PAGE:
“You two almost done?” he asked curtly.
“Almost,” Barbara answered coolly, “Another few minutes.”
“Good, then Black Canary will be leaving.”
Dinah’s mouth puckered slightly into a sour expression, but she did not acknowledge Nightwing or his words in any other way.
“You certainly don’t need me for your last few minutes,” she told Barbara, squeezing her friend’s shoulders. “Thanks for the chat, and for including me.”
Barbara’s own feelings were still a muddle where Dinah was concerned, but Dick’s open contempt was enough to rekindle the forgiving impulse that led her to invite Dinah over in the first place.
“G’night, sweetie,” she said gamely.
Dinah nodded, waved at the cat, and then left through the same window Nightwing had come through. He shut it behind her.
When Batman returned to the rotunda, two police units had arrived to take Catman into custody. With their arrival, a few lingering paparazzi and curious onlookers had used the opening to gain admittance to the museum. One of these was Greg Brady. He reached the rotunda just as Talia was picking herself off the floor, dusting debris of the fight, both real and imagined, off her evening gown.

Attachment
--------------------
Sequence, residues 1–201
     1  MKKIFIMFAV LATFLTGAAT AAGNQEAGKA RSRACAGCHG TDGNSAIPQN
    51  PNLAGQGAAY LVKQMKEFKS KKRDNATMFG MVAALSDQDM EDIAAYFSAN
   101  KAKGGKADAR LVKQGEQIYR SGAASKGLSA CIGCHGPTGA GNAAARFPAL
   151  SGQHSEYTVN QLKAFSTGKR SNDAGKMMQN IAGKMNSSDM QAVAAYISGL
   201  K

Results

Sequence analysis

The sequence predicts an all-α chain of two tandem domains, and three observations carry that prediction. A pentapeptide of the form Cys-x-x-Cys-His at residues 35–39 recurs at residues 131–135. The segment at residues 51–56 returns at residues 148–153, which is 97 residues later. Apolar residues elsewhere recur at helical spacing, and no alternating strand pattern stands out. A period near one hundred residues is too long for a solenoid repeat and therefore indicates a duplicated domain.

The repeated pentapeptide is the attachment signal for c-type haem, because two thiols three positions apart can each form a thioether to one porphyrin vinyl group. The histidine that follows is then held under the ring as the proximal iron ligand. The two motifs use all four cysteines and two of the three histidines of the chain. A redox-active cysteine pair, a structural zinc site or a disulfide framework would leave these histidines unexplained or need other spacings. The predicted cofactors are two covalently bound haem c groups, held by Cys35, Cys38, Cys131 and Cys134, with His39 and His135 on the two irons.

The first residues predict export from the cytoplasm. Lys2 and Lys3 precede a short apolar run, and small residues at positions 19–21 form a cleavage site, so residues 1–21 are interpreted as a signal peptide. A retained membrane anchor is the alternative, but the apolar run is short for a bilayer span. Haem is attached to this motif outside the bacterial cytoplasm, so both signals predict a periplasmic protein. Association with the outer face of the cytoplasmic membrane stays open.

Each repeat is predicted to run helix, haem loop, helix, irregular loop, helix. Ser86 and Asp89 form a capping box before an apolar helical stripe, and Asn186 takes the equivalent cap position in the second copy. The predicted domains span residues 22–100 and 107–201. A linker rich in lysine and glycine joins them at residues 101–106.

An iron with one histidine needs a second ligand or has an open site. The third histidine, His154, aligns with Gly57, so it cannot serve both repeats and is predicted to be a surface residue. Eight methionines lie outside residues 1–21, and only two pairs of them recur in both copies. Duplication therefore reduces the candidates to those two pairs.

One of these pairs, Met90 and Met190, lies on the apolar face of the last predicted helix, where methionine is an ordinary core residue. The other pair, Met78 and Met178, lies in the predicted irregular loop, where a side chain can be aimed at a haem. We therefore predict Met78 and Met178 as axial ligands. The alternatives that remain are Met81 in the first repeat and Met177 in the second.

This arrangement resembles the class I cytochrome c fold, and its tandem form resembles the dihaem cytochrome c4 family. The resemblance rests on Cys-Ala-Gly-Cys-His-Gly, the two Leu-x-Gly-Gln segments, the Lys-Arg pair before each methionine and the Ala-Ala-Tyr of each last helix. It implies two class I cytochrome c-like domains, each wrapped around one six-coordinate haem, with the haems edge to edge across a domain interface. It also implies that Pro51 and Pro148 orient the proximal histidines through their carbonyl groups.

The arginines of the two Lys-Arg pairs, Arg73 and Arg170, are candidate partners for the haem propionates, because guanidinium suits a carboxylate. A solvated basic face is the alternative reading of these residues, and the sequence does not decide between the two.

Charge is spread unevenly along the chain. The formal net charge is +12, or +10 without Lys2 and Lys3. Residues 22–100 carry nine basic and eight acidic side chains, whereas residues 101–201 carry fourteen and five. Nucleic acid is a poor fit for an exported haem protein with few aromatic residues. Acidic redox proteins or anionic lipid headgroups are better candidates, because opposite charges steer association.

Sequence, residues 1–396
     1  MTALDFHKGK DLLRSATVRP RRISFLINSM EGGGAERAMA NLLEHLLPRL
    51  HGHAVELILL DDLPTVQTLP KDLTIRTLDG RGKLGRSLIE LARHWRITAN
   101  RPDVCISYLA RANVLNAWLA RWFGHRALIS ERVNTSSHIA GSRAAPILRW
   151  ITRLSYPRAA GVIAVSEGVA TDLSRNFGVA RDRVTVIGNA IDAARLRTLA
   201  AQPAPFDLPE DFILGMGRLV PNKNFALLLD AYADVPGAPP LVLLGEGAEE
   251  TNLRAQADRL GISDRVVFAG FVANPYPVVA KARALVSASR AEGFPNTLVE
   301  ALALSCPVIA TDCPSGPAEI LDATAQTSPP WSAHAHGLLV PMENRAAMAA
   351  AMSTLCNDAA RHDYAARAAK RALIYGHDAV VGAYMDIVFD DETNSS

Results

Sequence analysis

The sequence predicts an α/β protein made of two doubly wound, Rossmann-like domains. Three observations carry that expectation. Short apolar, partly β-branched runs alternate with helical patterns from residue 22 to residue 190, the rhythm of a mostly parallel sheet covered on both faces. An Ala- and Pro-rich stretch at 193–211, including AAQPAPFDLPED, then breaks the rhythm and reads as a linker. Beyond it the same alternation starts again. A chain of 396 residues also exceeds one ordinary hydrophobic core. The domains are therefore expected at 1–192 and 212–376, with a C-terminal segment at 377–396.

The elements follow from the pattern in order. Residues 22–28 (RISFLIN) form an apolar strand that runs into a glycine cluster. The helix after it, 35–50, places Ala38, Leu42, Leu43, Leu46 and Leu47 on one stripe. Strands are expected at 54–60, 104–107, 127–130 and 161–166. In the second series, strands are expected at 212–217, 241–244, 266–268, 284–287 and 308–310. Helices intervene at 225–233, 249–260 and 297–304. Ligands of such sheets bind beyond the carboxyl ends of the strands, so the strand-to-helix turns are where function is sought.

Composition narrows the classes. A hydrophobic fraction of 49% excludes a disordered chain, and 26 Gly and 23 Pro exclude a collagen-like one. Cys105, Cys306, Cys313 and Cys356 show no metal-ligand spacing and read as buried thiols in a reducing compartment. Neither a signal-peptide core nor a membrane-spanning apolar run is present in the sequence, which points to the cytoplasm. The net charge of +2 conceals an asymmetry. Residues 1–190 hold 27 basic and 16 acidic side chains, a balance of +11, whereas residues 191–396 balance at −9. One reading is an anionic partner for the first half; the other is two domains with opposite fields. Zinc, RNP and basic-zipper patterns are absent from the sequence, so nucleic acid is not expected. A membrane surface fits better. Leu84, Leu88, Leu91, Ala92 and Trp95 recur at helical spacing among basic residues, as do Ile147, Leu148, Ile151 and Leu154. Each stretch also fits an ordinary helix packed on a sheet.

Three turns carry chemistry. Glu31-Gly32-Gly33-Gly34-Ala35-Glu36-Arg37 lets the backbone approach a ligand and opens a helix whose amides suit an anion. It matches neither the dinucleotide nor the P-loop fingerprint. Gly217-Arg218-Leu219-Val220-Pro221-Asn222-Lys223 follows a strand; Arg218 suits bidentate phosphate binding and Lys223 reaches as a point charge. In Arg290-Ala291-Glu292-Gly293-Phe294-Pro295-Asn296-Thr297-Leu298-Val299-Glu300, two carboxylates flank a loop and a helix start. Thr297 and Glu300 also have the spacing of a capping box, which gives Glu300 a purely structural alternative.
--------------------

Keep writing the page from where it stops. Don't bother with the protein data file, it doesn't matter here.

“I told Ig’thar he was crazy,” Greg announced, looking betrayed and disappointed. “I told him that report had to be wrong. No way was that Talia al Ghul running all over town looking for He-Whose-Name-Can’t-Be-Uttered; she’s over that loser—no offense, Dude,” he added, noticing Batman lurking in the background. “I told Ig’thar he was crazy,” Brady repeated. “I said it couldn’t be you. Thanks a lot, Tee.”
“Gr’ori, please, you don’t understand.”
“Greg. For the love of god, it’s Greg. Greg Brady. You are like the only person in the English-speaking world that can’t get that down. Greg. Brady.”
“Did he say Greg Brady,” Richard Flay remarked, “How positively camp!”
“Greg-I, I can explain,” Talia answered.